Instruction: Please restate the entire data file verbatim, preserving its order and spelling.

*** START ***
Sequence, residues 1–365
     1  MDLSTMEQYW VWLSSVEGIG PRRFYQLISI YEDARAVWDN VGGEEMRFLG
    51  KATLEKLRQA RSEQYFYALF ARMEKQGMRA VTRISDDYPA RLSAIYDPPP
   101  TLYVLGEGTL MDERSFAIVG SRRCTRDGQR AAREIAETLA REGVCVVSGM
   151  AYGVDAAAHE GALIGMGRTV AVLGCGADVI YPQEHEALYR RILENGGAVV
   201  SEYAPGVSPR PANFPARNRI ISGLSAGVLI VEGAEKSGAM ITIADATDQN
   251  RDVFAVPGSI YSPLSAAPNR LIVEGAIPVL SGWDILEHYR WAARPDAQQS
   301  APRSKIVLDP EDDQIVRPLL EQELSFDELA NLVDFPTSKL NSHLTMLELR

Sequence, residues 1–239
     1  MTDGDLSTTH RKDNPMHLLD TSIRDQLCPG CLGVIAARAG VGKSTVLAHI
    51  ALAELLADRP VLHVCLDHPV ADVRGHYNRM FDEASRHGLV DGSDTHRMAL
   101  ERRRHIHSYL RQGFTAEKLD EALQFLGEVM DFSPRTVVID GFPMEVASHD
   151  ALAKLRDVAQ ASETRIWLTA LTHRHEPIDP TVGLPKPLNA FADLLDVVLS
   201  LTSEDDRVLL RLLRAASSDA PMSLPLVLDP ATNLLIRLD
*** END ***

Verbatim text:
Sequence, residues 1–365
     1  MDLSTMEQYW VWLSSVEGIG PRRFYQLISI YEDARAVWDN VGGEEMRFLG
    51  KATLEKLRQA RSEQYFYALF ARMEKQGMRA VTRISDDYPA RLSAIYDPPP
   101  TLYVLGEGTL MDERSFAIVG SRRCTRDGQR AAREIAETLA REGVCVVSGM
   151  AYGVDAAAHE GALIGMGRTV AVLGCGADVI YPQEHEALYR RILENGGAVV
   201  SEYAPGVSPR PANFPARNRI ISGLSAGVLI VEGAEKSGAM ITIADATDQN
   251  RDVFAVPGSI YSPLSAAPNR LIVEGAIPVL SGWDILEHYR WAARPDAQQS
   301  APRSKIVLDP EDDQIVRPLL EQELSFDELA NLVDFPTSKL NSHLTMLELR

Sequence, residues 1–239
     1  MTDGDLSTTH RKDNPMHLLD TSIRDQLCPG CLGVIAARAG VGKSTVLAHI
    51  ALAELLADRP VLHVCLDHPV ADVRGHYNRM FDEASRHGLV DGSDTHRMAL
   101  ERRRHIHSYL RQGFTAEKLD EALQFLGEVM DFSPRTVVID GFPMEVASHD
   151  ALAKLRDVAQ ASETRIWLTA LTHRHEPIDP TVGLPKPLNA FADLLDVVLS
   201  LTSEDDRVLL RLLRAASSDA PMSLPLVLDP ATNLLIRLD